Once Padre Pio was asked if his wounds from his stigmata hurt him. Padre Pio responded, “Do you think the Lord gave them to me for decoration?”
When I heard Father Pio Mandato recount this story, I could not help but chuckle.
Father Pio Mandato was the celebrant and homilist at the Padre Pio Festival held at Saint Bede’s Church in Holland, PA. As a part of my “summer shrine tour” I went to the festival with scores of intentions for many in my Hail Mary notebook. I was excited to venerate the relics of such a holy, fascinating man.
Listening to someone preach about Padre Pio who is not only a dynamic speaker, but also knew this intriguing saint, was anything but disappointing.
In the past month or two, Padre Pio has somehow struck my intention in a number of ways. On the television, meeting his distant relative in Church and becoming friends with her, getting an inbox on Facebook Messenger from another Catholic blogger that said, “Padre Pio would like to speak with you.”; and the church that my husband and I were married in ten years ago hosted this first annual Padre Pio Festival.
All of this happened in less than 3 months.
I don’t really know why Padre Pio keeps popping up on my radar. But, I will tell you an extraordinary story Father Mandato told at the Healing Mass . . . and then what I read the next day.
Maybe there is a message for all of us.
Father Mandoto told all of us at the healing service about a man who had a son that was blind. The man and his son went to see Padre Pio.
When people went to see Padre Pio, they went to him for confession. So many people went to see him that there were very long lines, and at one point you had to register for a ticket. Some people would wait for over a week to see him.
This man and his blind son made the journey and got in line. His son went to confession to Padre Pio. When he came out, he was still blind. His father was sad. He asked his son, “didn’t you tell Padre Pio you are blind?” “Didn’t you ask him to heal you?” The son answered his father saying that when he saw Padre Pio, he was given the grace to see how to embrace his blindness for the sake of the kingdom.
Father Mandoto told one more story. He spoke of a woman who had a son that was “deaf and dumb”. The son could not hear and could not speak. The woman was a faithful Catholic, but her husband was an atheist. The woman pleaded with her husband over and over again asking him, please, let us take him to Padre Pio. Finally the husband said, “I will go, but I will not go inside the church”. When they arrived, the husband kept his word. He would not enter the church. The woman got in line for confession with her son. The son, like any child, could not wait patiently in line. He went out of line and played in the church. Padre Pio saw him and motioned for the child to come over to him. The child went.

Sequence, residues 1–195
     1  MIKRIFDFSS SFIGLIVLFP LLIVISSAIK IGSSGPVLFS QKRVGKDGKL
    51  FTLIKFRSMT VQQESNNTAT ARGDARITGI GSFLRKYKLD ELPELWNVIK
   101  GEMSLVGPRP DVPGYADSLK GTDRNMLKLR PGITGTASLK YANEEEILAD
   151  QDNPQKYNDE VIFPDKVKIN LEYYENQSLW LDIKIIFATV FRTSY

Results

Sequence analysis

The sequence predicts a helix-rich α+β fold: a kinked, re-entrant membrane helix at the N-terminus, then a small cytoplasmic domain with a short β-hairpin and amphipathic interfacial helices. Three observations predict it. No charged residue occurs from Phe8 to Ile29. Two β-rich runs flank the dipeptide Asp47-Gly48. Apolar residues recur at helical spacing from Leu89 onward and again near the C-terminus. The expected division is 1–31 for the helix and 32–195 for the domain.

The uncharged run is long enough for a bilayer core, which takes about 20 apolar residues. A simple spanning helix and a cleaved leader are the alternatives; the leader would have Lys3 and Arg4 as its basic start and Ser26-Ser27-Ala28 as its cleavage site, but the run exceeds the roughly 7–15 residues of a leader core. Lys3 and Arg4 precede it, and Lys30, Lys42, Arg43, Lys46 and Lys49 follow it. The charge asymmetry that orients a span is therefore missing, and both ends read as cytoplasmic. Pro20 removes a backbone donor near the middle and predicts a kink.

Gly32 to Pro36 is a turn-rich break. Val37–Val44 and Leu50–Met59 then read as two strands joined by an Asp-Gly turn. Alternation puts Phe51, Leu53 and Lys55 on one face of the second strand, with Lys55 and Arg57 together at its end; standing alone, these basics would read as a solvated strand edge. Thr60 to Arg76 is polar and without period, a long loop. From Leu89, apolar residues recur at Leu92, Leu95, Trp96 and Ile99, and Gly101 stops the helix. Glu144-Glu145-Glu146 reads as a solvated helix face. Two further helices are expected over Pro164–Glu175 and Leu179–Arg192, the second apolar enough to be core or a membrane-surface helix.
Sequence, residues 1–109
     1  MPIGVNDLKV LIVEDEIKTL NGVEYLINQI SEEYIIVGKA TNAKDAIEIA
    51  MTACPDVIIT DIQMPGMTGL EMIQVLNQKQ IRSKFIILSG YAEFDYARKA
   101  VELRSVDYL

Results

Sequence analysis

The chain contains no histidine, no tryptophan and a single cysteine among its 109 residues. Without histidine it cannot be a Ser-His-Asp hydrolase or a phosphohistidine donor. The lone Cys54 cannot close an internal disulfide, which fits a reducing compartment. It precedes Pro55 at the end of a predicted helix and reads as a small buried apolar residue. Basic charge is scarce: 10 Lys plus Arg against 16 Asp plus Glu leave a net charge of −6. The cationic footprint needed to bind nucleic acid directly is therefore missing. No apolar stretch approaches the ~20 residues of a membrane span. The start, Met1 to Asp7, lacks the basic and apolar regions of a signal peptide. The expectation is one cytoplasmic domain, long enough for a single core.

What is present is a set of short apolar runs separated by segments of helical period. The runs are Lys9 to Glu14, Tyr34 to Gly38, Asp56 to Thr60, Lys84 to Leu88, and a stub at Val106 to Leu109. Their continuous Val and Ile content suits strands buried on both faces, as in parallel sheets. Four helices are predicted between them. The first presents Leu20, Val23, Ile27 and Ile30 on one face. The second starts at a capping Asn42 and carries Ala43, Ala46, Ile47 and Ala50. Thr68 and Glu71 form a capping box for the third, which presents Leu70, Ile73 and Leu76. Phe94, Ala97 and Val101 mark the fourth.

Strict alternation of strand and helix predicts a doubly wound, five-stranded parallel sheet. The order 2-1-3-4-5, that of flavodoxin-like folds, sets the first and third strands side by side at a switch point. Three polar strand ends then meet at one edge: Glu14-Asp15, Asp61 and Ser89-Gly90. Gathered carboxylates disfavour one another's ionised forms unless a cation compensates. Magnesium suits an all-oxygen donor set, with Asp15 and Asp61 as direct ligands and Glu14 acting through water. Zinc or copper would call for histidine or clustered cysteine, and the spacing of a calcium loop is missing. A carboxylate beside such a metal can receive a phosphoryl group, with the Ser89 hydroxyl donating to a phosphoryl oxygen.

Padre Pio said to him, “Go get your father and tell him to come in here”. The child went out to his father and said,”Padre Pio wants to see you”. The first words his son ever heard were the words of Padre Pio. The first words his son ever said were “Padre Pio wants to see you”. The father went in.
Father Mandoto asked . . . which was the greater miracle? The son that could not hear and speak, or the father or hardened heart was now softened?
I can’t help but think of Jesus and the Gospel.
The next night, I began Day 14 of the “Do-It-Yourself” Retreat 33 Days to Morning Glory by Michael E. Gaitley, MIC. This day’s reading is focused on St. Maximillian Kolbe’s desire that Mary use him as her instrument to extend the kingdom of God, the kingdom of the love of the Heart of Jesus. Each reading ends with a simple prayer. The prayer that ended this reading was:
Come, Holy Spirit, living in Mary. Prepare me to give all to the Immaculata for the sake of the kingdom.
I thought, there it is again. That phrase
For the sake of the kingdom
Maybe that is what I am called on to reflect upon at the end of each day. What did I do today . . . for the sake of the kingdom?
Maybe I should ask myself each morning . . .
What can I do today . . . for the sake of the kingdom?
What will I do today . . . for the sake of the kingdom?
I feel like we are very aware of what we do for the sake of our neighbor.
We, as a society, are very conscious of what we should do for the sake of our world. We may not always agree on what is the most loving way to act, but we are very intent on loving others and following the golden rule. Which is good. We should be very aware of our actions and thoughts and how they effect the people and world around us.
But isn’t it even more important to think about what we do for the sake of the kingdom? Are we not called to love God with all our heart, all our mind and all our souls?
“You shall love the Lord, your God, with all your heart, with all your soul, and with all your mind. This is the greatest and the first commandment.The second is like it: You shall love your neighbor as yourself.” Matthew 22:37-39
Maybe, if we focused more on the greatest and first commandment, we would be able to love one another more. Perhaps that is the lens that allows us to see love more clearly . . .